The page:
Wednesday, 9 August 2017

Graduate to Grown Up: Hayley

Hayley, age 29.
Studied English Literature and Linguistics
at Dartington College of Arts (now part of Falmouth University), graduated in 2010. 

On your graduation day, if I'd asked you what your dream job would be, what would you have said?
I wanted to be a screenplay writer, or a journalist. I am still writing, and I have written pieces for papers and magazines. I wish I had more time to write for leisure. I would love to write a book. 

What do you do now?
I own a PR company called Boxed Out PR, and I run a campaign called FlowAid, which provides free sanitary products to homeless women. I started out doing an internship at a video blogging company, where I presented and did product reviews. This was fresh out of university. Whilst working there, I was in communication a lot with PR companies, and I discovered I preferred PR and had a huge interest in it. I liked the idea of promoting people's businesses and products, and working with exciting start ups. So I took another internship at a Cloud computing company. The internship was 6 months paid, and I was offered a job at the end of it. Even though I hated it, I worked my way up to Marketing and PR Manager and even managed the merge when the company was bought out. I then moved over to a PR agency in London, which I adored working for. I was there for a while before being made redundant. I then decided to set up my own company, Boxed Out PR, so I took a temp job in a secondary school library for money, and set the business up around it. I went full time about 4 months afterwards. 

I set FlowAid up in 2015 after reading an article in VICE. This was an entirely new playing field as I had no experience running campaigns without a team, or charities. It has literally been learn as you go. But since establishing FlowAid, I have partnered with St Mungo's and Ealing Soup Kitchen, supplied sanitary donations to several women's charities and, last year, I did a TEDx talk about the campaign, and the issues caused by not having free access to sanitary products.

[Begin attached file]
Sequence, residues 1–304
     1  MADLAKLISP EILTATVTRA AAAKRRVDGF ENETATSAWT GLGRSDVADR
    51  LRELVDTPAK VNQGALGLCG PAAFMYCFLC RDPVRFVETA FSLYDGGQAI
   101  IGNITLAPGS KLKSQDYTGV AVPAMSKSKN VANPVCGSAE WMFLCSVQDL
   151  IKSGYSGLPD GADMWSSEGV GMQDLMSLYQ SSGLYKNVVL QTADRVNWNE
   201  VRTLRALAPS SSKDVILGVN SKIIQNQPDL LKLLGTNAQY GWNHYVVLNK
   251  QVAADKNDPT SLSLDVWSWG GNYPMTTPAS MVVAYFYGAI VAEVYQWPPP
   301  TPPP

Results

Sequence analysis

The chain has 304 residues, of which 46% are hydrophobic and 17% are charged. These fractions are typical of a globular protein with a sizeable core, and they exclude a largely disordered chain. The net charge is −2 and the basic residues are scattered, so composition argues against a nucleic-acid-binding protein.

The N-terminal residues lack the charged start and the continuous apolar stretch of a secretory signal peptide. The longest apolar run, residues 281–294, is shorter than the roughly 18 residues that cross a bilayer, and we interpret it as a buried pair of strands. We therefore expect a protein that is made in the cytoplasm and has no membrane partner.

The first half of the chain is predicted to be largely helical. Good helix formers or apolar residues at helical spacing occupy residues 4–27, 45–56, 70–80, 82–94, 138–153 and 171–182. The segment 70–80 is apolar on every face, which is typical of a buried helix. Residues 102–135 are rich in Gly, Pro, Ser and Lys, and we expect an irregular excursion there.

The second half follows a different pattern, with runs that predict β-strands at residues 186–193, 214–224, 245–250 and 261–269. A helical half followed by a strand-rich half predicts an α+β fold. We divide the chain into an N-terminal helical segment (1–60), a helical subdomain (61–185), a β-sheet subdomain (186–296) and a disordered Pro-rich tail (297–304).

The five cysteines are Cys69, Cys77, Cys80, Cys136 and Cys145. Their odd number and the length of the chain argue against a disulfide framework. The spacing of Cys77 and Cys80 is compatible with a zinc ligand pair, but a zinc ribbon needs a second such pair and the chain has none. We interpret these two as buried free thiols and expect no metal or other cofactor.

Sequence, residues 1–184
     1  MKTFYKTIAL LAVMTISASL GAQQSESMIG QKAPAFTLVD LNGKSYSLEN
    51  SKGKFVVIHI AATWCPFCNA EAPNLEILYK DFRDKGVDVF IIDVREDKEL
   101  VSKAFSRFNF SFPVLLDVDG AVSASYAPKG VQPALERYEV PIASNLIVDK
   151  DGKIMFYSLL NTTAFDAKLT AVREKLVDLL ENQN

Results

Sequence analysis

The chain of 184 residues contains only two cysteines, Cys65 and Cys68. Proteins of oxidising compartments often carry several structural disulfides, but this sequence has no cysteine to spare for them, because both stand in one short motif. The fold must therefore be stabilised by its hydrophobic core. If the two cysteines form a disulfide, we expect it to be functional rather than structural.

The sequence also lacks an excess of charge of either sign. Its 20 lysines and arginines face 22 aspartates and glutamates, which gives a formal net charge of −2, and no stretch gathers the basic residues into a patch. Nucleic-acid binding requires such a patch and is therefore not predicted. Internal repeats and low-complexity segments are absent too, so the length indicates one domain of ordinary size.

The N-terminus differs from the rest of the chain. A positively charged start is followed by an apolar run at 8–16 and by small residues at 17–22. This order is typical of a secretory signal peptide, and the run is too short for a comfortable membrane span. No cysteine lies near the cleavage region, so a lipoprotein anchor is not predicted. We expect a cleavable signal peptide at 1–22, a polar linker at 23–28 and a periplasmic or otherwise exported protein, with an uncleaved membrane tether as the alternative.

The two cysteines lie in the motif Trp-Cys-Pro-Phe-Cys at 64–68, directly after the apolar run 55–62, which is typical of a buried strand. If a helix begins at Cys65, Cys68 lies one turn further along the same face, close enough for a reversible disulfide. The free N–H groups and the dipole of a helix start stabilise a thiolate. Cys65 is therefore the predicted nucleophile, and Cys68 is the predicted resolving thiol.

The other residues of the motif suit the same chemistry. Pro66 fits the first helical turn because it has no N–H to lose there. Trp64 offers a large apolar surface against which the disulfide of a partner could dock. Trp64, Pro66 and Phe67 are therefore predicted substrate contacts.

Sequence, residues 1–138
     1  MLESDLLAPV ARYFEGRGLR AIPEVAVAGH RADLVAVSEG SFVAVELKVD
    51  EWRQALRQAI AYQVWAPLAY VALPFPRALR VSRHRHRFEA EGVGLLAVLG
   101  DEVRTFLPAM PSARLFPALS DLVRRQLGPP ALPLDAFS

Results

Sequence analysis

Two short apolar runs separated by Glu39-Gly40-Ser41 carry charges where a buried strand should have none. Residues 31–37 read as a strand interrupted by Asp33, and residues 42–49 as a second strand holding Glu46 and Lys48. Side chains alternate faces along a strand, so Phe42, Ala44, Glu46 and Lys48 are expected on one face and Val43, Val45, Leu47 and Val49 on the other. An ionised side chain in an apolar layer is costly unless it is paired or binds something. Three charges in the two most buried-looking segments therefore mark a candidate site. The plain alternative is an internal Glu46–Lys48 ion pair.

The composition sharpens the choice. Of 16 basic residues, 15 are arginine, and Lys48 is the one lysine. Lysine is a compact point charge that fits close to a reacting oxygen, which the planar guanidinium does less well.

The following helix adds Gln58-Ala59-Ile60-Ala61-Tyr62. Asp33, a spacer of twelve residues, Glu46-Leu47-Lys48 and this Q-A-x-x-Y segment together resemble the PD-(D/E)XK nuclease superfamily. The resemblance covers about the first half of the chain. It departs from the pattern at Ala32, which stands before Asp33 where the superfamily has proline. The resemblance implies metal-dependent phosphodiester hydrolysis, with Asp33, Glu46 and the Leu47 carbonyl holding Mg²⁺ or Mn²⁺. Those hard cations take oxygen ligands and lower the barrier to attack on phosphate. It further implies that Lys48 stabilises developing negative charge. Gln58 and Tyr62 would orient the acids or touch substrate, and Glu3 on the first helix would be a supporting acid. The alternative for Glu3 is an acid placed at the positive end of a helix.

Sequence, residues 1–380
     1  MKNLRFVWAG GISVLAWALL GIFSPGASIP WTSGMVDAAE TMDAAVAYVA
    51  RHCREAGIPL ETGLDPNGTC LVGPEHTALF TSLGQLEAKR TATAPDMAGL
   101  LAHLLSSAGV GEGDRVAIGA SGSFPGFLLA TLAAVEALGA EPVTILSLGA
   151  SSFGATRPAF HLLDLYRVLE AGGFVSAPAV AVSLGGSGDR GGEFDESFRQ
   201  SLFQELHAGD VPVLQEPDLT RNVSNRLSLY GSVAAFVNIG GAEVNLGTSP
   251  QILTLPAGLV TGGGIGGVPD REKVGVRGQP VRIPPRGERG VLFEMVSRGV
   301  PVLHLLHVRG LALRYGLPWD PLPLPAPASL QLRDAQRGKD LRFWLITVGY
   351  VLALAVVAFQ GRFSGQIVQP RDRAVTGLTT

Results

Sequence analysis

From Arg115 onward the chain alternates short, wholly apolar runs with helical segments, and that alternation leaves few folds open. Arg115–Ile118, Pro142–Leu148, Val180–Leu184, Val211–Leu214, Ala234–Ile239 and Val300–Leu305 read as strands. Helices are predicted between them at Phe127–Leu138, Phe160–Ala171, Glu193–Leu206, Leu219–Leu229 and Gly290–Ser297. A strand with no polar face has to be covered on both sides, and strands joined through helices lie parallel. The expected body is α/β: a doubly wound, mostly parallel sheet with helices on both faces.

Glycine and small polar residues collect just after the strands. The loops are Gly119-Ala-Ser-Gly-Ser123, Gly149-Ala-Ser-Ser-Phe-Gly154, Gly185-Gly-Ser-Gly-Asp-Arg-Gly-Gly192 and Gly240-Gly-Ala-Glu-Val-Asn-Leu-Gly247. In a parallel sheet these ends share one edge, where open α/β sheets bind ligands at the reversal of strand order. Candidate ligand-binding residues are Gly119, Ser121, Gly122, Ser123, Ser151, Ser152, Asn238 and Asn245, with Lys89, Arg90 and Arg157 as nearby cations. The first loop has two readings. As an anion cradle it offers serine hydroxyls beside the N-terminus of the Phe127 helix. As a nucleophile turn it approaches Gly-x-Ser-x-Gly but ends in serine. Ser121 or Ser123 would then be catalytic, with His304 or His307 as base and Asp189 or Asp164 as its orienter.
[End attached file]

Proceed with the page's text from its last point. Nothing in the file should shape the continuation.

Why do you do it? What motivates you?
I love working for myself, and I have always wanted to run my own business. I love the challenges, and thrive on change. And it is always worthwhile with big client wins, and building great relationships. It isn't easy, and I am continuing to learn and develop, but that's all part of the process. I suffer from anxiety, which running my business can be a cause of sometimes, but it is also the thing that calms me down as I feel as if I am achieving something. What motivates me is building my business and being put in the same position as larger PR companies. I bought my partner on as my business partner when I took the company limited in January, and I love that we build the company together.

What do you do outside of your job that fulfils you?
FlowAid is my other evening and weekend job, this gives me great satisfaction knowing that I am helping people. I also enjoy going to the gym, as this allows me space from work, and allows me to switch off for a while. I also love cooking and writing, but I don't get to write as much as I would like. I purposefully don't work at the weekend so I can spend time with friends and family, and it is important to switch off and recharge. I don't think my business would be successful if I didn't get time to mys as it allows me to step back and look at things from a different perspective. This is usually when I get my best ideas. 

What advice would you give any struggling graduate on how to become a #GirlBoss?
Network and build your contact list, and leverage them. Nowadays, it isn't what you know, it's who you know. Your network is your net worth and the sooner you start build it, the better position you will be in when you're older. Also, don't judge people, or write them off because they can't help you now. They may be able to help you later down the line, and having them may mean the difference between unemployed and employed. I have met people before who have contacted me two years later about opportunities. It's important to leave a good, lasting impression. My grandad always said to me, people who are nasty and rude get to the top quick, but don't stay there as long, as there are always people looking to pull them down. True professionals, who help others, get there slower but stay longer as people want to push them up.

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